copies of National Lampoon they became a part of my regular reading experience.
Every newspaper had its own Lewis Grizzard or Erma Bombeck. You would play
Steve Martin, Cheech and Chong, Richard Pryor, and George Carlin on your record
player and hope your parents would not hear your laughter, or the words they said.
At your grandparents you could find the older party albums with the likes of Bob
Newhart, Andy Griffith, and Bill Cosby on them. And everyone was trying to figure
out what was up with Andy Kaufman.
They made me laugh.
I learned early on that humor was powerful. As a young man, I wanted to be taken
seriously. I did not want an ounce of humor in any speech I gave. I remember one
speech I was to give that I thought was particularly earth shaking. I gave it out at a
camp in a beautiful building with a stone floor. I must admit that I marveled at my
powers of persuasion even though half the people listening to me appeared to have
fallen asleep. They must have been in deep concentration. Yet, about halfway
through my rhetoric gold, someone opened the door and the camp dog snuck into
the building. It walked down the center aisle, its toenail clicking on the stone floor,
and laid down right in front of my lectern. My beloved listeners became focused on
my every word. Every eye was now focused in my direction. At least that is what I
thought until I looked down over the front of the lectern to see that the dog was
giving himself a bath. I say him because it would have been pretty obvious to even
Stevie Wonder that this dog was a male. As I peered down at the dog I realized that I
could have informed the audience where a million dollars was buried and no one
would have heard a thing I said. Jesus Christ could have come back at that moment,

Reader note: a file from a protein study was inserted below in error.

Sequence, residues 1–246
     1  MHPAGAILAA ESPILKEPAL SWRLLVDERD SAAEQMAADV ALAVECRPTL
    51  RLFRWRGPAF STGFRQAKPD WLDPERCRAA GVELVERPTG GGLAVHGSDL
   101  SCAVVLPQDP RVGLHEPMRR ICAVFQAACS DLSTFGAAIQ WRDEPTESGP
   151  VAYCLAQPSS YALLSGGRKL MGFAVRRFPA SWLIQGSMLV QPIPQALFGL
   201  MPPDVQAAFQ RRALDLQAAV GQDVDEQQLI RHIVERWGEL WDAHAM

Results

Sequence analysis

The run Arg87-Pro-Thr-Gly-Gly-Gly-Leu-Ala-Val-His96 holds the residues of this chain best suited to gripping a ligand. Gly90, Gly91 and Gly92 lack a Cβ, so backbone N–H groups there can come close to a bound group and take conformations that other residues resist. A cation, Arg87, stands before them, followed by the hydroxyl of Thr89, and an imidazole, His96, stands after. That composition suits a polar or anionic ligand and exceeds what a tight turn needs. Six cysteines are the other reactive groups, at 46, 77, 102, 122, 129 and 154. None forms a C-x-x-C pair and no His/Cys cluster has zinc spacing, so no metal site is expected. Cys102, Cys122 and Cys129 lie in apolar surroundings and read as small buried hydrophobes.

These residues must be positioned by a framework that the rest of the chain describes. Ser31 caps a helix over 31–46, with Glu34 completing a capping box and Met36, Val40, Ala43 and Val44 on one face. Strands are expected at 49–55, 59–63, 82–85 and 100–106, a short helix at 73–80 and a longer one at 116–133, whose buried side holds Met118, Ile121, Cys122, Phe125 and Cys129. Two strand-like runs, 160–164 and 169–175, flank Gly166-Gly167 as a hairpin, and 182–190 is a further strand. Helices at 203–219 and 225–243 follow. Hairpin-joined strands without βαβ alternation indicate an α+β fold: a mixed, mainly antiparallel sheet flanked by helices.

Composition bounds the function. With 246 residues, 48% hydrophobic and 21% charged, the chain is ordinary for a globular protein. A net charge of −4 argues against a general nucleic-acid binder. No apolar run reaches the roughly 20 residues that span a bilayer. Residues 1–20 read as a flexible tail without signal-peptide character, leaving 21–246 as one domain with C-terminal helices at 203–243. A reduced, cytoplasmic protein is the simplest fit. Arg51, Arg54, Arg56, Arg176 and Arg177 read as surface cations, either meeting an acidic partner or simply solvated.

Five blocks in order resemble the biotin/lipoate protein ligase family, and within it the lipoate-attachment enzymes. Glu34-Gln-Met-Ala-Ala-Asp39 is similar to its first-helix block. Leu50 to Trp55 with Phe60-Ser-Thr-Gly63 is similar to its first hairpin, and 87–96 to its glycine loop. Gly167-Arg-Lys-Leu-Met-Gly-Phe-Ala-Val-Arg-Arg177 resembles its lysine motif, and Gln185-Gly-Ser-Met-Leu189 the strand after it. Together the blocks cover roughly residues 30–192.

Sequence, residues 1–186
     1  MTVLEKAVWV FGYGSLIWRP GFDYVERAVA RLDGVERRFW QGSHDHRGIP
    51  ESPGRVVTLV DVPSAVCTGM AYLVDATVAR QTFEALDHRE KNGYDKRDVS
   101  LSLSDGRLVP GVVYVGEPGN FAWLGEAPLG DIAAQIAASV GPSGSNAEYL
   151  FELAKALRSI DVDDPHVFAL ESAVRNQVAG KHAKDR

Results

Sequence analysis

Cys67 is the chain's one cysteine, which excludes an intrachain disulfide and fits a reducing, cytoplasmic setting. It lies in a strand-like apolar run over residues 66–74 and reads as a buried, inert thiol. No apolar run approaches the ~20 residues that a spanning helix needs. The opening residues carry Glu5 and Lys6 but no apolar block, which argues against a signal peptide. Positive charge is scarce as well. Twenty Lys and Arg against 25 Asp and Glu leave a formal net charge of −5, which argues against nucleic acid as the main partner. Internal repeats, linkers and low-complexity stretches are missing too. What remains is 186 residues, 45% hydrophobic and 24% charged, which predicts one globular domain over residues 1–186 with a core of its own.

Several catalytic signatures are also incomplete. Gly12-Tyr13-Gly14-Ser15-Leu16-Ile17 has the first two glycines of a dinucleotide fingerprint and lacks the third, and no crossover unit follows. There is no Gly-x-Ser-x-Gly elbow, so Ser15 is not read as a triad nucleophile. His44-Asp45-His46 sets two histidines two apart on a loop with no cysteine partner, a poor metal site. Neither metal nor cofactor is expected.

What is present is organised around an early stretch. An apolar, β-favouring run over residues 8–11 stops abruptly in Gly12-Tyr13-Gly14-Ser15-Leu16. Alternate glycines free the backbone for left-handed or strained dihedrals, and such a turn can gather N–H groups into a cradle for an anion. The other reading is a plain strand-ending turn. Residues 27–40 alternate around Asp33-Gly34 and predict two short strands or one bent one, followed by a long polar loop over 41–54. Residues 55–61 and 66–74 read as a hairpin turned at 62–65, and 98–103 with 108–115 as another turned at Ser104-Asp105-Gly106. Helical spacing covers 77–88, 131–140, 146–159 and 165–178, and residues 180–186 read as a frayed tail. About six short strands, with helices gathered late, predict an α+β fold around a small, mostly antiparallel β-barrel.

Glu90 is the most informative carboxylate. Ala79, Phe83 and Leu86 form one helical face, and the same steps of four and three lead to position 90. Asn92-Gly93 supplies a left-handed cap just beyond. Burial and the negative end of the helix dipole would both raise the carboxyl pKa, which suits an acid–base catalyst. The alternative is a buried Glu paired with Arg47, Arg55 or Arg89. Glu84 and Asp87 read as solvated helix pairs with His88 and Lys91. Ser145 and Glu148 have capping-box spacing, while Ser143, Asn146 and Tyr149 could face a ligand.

stood next to me, and He would have simply shrugged His shoulders because when
it comes to attention you’re not going to best a dog doing what a dog will do. After
vainly trying to continue my speech for a few more minutes, I finally said, “Even the
animals come to hear me speak.” Everybody laughed. To this day, I still have people
tell me it was one of the greatest speeches they ever heard, although to this day I
am sure they cannot remember a single thing I said.
Still, I did not understand humor. In my mind, the IV drip was slower than it
probably was. She looked like a rag doll in the bed instead of the full-grown woman
that she was. The white cotton mask that covered her mouth seemed to be bigger
than her face. She had decided to stop fighting. She was worn out; enough was
enough. As I sat there in that chair, in that visitor’s gown, thinking she was too
young, but God or fate or whatever you call it didn’t care what I thought. I stood up to
stretch my legs and unknown to me the gown and my pants had gotten pinched into
the crease where the seat met one of the legs. There was a ripping noise. I had
ripped out the back my pants. I hopped around angrily, cursing under my breath, not
fully realizing I was showing the best part of me to everyone in room. It was then I
heard a painful, gasping laugh, almost a whisper, but it was a laugh.
It was not until that moment that I understood my grandfather’s jokes. Humor can
make the elephants of daily life vanish, pain, suffering, even the weighty presence of
death itself, if only for a few moments, and sometimes a few moments are all that we
need. He had people coming into his bank office at some of the lowest moments in
their lives, needing a loan to get through the next year or to buy a house or send a
kid to college and all the worries and fears that entailed. He did what he could do for
them and always left them with a joke. Lame as that joke might have been, for a few
seconds, the weight of the moment was taken off their chests because they laughed.
Life is hard and painful. So, surround yourself with people that make you laugh. It is
the only way you are going to get through it. My grandfather understood this. Mel
Brooks and Anne Bancroft understood this. The great comedians all knew this. I
have come to understand this.
I hope you laugh.